The California Public Utilities Commission (CPUC) on Thursday approved a $51.5 million settlement with Southern California Edison and telecommunications company NextG Networks for their roles in the 2007 Malibu Canyon Fire, which began when three poles jointly owned by Edison and other companies snapped in high winds and sparked nearby brush.
Under the settlement, Edison and NextG admit that one of the failed power poles was overloaded with NextG telecommunications equipment when the fire started, in violation of CPUC rules, and that Edison did not act to prevent the overloading.
Edison is due to pay $37 million in total penalties, with $17 million pledged to assess its poles in Malibu Canyon and the surrounding Malibu area, replacing or repairing poles that do not meet safety requirements. The remaining $20 million will go to the State of California’s General Fund.
NextG is charged with $14.5 million in penalties. Six million dollars is set aside for inspections of the more than 60,000 poles and pole attachments owned by NextG in California. If $6 million is not enough to complete its safety audit, NextG must provide additional funds to finish the inspections, according to the CPUC. The remaining $8.5 million goes to the state’s general fund.
Both companies are required to begin inspections within 18 months, according to CPUC spokesperson Terrie Prosper.
“These settlements not only financially penalize two companies for wrongdoing and serve as a deterrent to future violations of CPUC rules, but they also increase safety going forward by requiring inspections, repairs, and strengthening safety factors to make poles in the Malibu area better able to withstand high winds,” said Commissioner Carla J. Peterman.
The fire, which began on Oct. 21, 2007, burned 3,836 acres, 36 vehicles and 14 structures, including Castle Kashan and the Malibu Presbyterian Church. It also damaged 19 other structures and injured three firefighters.
The settlement and planned inspections should “help mitigate any repeat of the damage caused by the 2007 fire to Malibu Canyon and the surrounding communities,” a statement by the CPUC said.
Hans Laetz, a Malibu resident who has been deeply involved in the settlement negotiations as a citizen intervener since 2010, maintained a cautiously optimistic tone about the deal. He hailed it as a victory for fire safety in Malibu, but was disappointed the planned Edison inspections stop short of poles located north of Mulholland Highway.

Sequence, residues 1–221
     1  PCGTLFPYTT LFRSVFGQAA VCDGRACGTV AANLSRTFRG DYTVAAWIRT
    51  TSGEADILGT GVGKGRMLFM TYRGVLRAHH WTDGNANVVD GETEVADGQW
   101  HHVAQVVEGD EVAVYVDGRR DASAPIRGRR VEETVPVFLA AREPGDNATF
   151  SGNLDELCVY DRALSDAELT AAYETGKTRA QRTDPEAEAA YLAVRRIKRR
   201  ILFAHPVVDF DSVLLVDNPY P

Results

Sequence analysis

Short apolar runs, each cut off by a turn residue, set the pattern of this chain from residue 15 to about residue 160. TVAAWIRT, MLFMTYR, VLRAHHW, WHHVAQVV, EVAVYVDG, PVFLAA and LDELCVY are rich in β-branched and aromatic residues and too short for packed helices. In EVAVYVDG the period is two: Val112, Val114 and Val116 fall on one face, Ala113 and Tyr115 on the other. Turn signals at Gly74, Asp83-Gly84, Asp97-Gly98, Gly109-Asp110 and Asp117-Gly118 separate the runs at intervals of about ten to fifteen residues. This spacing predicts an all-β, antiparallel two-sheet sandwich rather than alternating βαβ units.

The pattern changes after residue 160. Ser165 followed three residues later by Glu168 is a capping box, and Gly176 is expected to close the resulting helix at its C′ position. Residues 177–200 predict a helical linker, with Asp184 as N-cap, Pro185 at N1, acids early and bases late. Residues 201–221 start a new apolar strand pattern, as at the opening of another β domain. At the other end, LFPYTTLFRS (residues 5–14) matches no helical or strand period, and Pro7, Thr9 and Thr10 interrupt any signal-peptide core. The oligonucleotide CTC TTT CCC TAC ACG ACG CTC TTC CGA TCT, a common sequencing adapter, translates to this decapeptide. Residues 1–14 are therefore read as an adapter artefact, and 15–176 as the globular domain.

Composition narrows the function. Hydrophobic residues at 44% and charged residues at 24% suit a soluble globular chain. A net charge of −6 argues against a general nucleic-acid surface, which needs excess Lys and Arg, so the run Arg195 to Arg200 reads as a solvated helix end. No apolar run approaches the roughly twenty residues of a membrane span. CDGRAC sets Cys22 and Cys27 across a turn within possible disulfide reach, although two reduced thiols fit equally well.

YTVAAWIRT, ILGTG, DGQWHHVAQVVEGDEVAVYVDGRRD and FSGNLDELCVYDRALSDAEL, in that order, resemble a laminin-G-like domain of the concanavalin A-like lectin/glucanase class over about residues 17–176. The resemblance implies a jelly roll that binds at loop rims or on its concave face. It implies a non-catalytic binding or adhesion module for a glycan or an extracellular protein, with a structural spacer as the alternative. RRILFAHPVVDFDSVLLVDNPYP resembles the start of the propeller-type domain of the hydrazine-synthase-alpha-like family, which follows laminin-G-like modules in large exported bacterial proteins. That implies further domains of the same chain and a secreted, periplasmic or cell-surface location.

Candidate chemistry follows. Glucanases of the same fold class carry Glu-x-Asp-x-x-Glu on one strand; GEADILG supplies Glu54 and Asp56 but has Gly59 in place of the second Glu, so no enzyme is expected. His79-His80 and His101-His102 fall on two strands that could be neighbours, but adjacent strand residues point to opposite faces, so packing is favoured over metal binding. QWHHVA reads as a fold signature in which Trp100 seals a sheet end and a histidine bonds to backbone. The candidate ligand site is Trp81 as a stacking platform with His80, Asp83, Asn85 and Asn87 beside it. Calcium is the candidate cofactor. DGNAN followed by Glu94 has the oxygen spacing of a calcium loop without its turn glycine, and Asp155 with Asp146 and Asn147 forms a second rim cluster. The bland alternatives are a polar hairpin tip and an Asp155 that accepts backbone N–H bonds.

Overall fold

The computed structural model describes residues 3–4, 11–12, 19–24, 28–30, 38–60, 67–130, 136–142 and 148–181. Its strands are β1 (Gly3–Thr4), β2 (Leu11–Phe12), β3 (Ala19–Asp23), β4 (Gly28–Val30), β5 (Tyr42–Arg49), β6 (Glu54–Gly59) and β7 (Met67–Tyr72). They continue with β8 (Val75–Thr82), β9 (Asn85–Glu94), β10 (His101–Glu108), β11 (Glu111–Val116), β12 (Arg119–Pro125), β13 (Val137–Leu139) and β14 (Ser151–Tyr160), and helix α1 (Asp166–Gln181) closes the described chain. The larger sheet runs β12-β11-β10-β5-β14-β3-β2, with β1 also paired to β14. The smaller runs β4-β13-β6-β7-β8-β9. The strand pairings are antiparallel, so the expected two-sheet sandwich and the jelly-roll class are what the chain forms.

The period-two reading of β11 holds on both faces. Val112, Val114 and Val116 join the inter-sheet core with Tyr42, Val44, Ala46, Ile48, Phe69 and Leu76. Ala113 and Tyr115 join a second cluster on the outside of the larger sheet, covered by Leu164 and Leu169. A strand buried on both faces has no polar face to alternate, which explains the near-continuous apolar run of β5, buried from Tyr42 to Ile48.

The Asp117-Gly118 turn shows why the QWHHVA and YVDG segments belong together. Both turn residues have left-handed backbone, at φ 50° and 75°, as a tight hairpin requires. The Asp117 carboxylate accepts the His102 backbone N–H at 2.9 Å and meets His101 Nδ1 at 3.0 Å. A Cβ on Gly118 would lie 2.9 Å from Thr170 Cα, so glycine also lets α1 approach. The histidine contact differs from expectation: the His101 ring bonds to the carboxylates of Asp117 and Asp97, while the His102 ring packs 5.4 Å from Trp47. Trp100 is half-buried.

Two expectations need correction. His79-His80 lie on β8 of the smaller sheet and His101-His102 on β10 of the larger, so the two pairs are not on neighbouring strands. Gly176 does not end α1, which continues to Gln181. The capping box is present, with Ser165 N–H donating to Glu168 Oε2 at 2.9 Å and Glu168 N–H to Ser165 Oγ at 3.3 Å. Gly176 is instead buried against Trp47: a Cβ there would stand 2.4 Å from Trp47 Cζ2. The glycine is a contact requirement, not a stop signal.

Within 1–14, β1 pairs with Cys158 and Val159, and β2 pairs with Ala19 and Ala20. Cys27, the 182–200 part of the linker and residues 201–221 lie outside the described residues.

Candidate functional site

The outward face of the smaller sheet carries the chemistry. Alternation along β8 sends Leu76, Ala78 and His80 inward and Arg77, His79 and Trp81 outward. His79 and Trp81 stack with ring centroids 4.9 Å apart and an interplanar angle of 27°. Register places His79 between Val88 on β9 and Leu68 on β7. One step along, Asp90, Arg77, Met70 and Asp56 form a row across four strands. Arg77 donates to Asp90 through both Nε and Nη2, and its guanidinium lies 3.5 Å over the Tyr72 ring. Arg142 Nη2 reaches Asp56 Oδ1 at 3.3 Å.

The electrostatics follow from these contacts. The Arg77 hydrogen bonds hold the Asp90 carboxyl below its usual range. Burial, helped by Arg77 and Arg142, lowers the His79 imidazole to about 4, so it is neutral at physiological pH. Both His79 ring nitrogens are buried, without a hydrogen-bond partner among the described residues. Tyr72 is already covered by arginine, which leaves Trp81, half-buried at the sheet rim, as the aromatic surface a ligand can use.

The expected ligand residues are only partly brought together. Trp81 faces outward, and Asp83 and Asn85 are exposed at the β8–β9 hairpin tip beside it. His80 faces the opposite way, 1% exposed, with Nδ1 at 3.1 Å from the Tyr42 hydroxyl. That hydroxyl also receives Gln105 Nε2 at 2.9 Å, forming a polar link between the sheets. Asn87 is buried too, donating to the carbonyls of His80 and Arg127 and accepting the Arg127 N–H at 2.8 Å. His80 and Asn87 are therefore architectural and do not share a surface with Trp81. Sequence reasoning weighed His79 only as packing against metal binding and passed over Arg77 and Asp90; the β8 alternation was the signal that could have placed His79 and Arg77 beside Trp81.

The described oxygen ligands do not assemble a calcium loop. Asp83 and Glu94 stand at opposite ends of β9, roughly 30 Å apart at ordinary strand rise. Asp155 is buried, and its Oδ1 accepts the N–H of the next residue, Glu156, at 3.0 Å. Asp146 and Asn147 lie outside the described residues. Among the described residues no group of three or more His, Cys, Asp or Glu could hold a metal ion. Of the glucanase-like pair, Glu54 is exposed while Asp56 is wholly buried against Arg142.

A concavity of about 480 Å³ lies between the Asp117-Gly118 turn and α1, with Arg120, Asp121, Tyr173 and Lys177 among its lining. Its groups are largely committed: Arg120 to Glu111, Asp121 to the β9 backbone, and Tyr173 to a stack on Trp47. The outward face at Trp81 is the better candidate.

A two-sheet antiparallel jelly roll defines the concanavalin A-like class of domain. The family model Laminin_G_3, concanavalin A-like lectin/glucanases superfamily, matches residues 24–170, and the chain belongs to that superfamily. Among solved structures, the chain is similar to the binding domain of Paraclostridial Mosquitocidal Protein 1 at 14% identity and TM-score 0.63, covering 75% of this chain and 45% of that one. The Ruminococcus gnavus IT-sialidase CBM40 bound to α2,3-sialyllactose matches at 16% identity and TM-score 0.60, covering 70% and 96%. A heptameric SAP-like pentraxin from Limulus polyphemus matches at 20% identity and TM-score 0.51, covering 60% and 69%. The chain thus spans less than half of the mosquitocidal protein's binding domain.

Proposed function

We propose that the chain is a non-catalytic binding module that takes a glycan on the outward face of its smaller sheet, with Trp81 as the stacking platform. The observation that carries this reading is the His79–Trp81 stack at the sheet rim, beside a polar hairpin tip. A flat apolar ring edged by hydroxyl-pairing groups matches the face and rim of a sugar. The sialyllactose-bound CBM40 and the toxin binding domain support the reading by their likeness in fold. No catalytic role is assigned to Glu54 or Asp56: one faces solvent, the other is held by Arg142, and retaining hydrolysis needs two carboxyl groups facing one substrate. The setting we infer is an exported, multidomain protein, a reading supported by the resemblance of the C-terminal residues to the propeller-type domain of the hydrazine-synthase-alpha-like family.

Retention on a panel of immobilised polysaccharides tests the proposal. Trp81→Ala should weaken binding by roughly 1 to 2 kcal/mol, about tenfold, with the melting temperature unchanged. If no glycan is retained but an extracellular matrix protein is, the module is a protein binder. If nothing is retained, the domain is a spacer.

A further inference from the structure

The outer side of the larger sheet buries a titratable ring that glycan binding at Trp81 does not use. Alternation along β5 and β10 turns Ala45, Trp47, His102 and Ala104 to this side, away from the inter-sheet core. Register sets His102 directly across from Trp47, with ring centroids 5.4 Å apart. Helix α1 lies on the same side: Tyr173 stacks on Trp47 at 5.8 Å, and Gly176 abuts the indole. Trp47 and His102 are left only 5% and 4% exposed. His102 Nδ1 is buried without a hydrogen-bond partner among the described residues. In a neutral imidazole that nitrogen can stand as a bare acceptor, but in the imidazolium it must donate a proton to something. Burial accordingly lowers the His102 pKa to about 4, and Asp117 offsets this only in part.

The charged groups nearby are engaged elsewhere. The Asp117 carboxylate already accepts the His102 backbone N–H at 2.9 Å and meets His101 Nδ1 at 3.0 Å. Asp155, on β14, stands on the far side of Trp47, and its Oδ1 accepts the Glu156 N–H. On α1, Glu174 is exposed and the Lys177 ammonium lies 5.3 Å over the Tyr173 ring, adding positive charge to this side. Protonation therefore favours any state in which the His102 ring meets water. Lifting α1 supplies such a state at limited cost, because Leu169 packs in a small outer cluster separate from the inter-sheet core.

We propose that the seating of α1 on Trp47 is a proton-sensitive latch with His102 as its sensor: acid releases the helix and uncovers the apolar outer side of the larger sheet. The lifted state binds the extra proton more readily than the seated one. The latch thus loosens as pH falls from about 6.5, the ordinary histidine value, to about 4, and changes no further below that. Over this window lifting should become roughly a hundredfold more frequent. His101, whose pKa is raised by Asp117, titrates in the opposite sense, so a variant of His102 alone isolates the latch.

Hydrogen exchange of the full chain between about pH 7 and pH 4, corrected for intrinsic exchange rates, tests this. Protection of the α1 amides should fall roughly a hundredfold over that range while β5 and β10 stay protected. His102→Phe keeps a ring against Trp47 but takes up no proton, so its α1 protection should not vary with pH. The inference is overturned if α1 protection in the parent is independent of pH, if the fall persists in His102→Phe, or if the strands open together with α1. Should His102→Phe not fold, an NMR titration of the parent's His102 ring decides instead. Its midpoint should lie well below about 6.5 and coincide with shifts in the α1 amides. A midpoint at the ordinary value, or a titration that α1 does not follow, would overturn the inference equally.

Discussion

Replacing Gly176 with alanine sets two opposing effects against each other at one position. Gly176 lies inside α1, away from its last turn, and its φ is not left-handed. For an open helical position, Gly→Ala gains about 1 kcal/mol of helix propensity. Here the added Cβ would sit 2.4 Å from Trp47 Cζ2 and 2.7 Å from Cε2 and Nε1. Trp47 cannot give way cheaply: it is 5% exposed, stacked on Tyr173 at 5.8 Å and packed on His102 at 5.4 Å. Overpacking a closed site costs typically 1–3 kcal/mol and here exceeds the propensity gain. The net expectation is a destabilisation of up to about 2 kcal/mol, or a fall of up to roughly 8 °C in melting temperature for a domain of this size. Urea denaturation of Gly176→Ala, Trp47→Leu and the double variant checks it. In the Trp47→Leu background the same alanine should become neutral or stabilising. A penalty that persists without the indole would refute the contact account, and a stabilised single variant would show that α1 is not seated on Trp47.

“[The PUC] really drew blood from Southern California Edison,” Laetz said. “But for some reason the PUC decided that the crooked poles north of Mulholland are not a problem. The poles are just as crooked and just as overloaded north of Mulholland as they are south of Mulholland.”
The Edison inspection boundary runs from Topanga Canyon Boulevard on the east to Mulholland Highway on the north and west, and the ocean on the south (shown in accompanying map).
“It covers major power lines, including specifically those in Malibu Canyon, and along Mulholland, PCH, Latigo Canyon,” Laetz said.
Representatives for Edison would not answer specific questions about the terms of the settlement. In a statement, the company promised customers that Edison shareholders, and not ratepayers, would be paying for the settlement.
“SCE believes it was in the best interest of its stakeholders to resolve the dispute and move forward with the utility’s principal mission of providing safe, reliable and affordable electric service,” Edison said in a statement.
Edison and NextG are the last companies to reach settlements stemming from the fire.
All told, damages paid by companies involved with the fire exceeded $60 million.
AT&T Mobility , Verizon Wireless and Sprint Communications Company agreed in September 2012 to pay $12 million, or $4 million each, in a settlement approved by the CPUC. None of those companies took fault for overloaded equipment. Of the $12 million settlement, $6.9 million was paid to the State of California’s General Fund. The remainder, $5.1 million, was to be spent on replacing existing wooden power poles along the 3.4 miles of lower Malibu Canyon.